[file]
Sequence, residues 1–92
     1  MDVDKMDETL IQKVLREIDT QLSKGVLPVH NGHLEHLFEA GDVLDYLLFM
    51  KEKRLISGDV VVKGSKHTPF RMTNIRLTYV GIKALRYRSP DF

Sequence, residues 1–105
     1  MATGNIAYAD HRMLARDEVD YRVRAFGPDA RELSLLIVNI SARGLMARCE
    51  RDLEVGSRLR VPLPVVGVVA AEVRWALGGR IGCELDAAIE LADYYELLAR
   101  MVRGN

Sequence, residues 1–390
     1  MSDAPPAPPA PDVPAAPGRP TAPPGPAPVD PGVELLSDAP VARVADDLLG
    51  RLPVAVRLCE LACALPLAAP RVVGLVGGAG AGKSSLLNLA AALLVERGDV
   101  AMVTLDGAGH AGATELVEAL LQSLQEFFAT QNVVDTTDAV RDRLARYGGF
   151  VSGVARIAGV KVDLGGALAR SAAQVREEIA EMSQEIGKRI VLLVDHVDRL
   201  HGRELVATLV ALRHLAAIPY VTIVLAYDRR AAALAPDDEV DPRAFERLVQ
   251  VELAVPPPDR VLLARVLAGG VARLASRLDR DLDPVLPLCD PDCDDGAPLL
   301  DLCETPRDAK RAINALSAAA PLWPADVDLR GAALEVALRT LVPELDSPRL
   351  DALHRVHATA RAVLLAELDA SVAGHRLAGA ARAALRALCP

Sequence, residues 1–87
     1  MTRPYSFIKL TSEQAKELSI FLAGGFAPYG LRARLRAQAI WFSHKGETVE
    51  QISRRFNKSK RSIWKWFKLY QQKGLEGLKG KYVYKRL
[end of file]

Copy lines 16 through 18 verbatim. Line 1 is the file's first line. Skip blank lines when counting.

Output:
   351  DALHRVHATA RAVLLAELDA SVAGHRLAGA ARAALRALCP

Sequence, residues 1–87
     1  MTRPYSFIKL TSEQAKELSI FLAGGFAPYG LRARLRAQAI WFSHKGETVE